Here's how he puts it ...
Growing up around guns and owning them as an adult affords a person memories and experiences that strangers to guns may have trouble understanding. The divide is phenomenological, not political (or not political until it gets to be), like the gulf between those who've had sex and those who haven't or those who smoke and those who've never lit up. Pulling a trigger and being prepared to do so cuts patterns in the self. Depending on the nature of your social life, which time around guns can shape and color in ways that I'll describe, you might forget that these patterns are even there, because you're surrounded by people who share them--until someone or some event challenges you to answer for your thinking.
It's a really good, interesting piece. Read it.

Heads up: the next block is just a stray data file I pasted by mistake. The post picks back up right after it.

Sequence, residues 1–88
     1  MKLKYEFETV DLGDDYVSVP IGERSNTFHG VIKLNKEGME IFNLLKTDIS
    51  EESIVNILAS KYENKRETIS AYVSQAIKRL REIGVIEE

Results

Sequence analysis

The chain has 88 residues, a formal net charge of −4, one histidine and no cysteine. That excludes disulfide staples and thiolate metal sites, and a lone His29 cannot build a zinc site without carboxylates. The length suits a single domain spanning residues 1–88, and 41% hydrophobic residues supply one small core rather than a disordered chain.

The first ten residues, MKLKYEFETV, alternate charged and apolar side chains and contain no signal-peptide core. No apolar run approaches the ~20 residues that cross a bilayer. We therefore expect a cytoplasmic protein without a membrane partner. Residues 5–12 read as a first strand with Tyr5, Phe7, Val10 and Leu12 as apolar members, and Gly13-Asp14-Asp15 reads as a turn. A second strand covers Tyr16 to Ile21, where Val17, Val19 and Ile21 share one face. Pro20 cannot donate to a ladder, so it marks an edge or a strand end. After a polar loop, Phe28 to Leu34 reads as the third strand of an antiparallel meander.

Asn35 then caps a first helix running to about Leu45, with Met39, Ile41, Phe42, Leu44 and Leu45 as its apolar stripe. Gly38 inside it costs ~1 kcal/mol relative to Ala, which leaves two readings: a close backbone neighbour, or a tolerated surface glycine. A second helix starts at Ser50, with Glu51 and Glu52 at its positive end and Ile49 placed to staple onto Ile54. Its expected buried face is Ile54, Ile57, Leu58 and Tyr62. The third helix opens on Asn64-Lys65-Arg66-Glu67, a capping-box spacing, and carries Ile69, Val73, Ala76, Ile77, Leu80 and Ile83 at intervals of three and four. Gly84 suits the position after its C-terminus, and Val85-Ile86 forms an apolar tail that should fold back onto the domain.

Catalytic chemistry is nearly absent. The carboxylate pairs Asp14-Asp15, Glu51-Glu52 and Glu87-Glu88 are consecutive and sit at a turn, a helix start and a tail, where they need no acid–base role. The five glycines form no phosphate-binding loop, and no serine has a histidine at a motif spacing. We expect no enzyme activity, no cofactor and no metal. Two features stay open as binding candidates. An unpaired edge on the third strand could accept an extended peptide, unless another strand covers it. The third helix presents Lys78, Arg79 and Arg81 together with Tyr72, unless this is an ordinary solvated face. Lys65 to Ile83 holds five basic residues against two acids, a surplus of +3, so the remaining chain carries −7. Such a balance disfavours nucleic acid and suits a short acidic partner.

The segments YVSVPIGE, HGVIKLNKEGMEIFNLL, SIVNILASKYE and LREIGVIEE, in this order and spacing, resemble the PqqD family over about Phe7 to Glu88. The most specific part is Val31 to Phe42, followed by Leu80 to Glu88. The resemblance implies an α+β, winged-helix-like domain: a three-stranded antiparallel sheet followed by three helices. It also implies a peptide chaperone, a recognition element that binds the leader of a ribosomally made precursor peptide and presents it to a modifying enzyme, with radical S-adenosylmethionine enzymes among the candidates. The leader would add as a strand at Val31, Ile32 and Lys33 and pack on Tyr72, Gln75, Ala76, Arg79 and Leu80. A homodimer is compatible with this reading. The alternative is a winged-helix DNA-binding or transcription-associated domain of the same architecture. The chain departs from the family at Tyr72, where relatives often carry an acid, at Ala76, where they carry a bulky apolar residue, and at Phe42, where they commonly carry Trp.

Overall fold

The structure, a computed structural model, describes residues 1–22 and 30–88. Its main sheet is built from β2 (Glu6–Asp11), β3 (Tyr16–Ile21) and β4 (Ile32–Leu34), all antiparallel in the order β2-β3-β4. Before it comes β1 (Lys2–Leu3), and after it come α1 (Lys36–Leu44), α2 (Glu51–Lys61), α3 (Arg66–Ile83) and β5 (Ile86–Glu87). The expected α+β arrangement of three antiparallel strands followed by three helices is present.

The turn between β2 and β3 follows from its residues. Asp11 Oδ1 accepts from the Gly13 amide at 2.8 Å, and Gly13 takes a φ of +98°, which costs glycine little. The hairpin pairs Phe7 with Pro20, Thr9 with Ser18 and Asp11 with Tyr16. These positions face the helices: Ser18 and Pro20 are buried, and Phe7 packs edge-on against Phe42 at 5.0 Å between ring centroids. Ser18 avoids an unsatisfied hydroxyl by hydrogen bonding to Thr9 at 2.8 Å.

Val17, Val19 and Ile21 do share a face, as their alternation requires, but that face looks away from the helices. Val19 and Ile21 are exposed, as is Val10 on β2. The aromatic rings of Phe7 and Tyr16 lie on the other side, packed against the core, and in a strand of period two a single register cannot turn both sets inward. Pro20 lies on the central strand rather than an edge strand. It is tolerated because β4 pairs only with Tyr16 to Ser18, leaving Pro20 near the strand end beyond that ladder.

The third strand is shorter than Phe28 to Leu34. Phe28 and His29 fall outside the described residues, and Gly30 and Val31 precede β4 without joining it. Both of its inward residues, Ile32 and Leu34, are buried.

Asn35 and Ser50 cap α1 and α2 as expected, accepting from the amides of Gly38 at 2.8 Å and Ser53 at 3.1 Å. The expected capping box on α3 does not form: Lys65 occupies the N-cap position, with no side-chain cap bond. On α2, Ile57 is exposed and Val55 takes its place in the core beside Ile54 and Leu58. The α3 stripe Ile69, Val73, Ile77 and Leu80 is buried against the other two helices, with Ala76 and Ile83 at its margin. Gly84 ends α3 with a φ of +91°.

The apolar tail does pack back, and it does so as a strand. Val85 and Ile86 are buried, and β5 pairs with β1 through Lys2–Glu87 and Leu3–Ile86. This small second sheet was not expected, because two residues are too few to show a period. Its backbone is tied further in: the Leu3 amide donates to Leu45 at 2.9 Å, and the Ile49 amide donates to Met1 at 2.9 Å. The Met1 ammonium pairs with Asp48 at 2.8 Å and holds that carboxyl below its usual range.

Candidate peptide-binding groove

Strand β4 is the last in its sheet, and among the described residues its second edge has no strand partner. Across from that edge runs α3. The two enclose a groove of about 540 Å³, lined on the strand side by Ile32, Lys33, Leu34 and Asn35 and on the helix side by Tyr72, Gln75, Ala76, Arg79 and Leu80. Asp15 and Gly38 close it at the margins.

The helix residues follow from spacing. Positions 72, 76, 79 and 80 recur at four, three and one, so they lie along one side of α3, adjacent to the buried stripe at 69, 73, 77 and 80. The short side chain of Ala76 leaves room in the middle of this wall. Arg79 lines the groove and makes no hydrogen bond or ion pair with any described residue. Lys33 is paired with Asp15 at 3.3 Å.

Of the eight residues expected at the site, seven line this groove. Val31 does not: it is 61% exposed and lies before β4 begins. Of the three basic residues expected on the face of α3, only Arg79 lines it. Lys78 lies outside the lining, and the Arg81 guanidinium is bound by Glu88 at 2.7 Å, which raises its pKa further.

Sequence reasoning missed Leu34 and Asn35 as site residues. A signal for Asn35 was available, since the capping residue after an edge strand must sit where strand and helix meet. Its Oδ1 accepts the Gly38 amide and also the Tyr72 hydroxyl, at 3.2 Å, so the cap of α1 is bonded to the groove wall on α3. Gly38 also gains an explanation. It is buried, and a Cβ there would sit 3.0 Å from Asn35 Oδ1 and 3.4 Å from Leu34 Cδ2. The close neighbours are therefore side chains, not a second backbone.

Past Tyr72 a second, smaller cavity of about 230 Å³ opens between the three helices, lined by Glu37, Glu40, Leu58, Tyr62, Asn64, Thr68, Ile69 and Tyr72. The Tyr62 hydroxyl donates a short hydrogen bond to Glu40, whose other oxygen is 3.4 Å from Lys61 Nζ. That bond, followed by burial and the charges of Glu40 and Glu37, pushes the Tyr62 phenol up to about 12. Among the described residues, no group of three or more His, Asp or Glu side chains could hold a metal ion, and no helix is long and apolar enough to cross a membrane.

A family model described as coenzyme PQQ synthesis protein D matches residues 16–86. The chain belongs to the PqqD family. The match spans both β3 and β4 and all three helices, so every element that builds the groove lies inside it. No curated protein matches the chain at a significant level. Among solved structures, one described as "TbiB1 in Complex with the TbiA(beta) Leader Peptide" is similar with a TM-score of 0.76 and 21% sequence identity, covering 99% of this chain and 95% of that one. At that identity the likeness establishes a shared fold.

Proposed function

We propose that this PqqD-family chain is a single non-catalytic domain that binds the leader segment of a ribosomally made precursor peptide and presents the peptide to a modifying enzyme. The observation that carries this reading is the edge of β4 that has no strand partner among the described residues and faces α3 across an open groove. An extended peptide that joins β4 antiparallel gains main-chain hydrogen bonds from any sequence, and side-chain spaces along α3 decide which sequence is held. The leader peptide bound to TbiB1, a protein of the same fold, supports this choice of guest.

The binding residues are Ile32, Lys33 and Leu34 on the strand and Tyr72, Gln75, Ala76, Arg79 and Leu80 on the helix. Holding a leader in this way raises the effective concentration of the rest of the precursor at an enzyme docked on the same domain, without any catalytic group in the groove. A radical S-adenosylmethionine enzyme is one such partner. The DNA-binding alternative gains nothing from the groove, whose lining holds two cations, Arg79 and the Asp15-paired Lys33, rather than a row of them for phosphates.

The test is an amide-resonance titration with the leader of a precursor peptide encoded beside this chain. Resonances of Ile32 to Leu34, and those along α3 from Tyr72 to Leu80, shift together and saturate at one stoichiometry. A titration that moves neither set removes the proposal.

On a separate note, in the aftermath of writing the post I referred to above I talked (though in many cases that's way to gentle a way to put it) to a lot of people all over the gun issue. In some cases they just yelled at me. And I talked back. Except in the cases where I yelled back. That be as it may, I was interested to see that some non-trivial number of the gun diehards I talked to had never owned or in some cases even fired a gun. When asked one guy said, he didn't own a gun, was "just interested in the liberty angle." Others who were longtime gun owners want them all to be registered and hard to get. In some ways, like with the guy who was just into the "liberty angle" it's clear the issue has just been subsumed into the country's greater ideological polarization.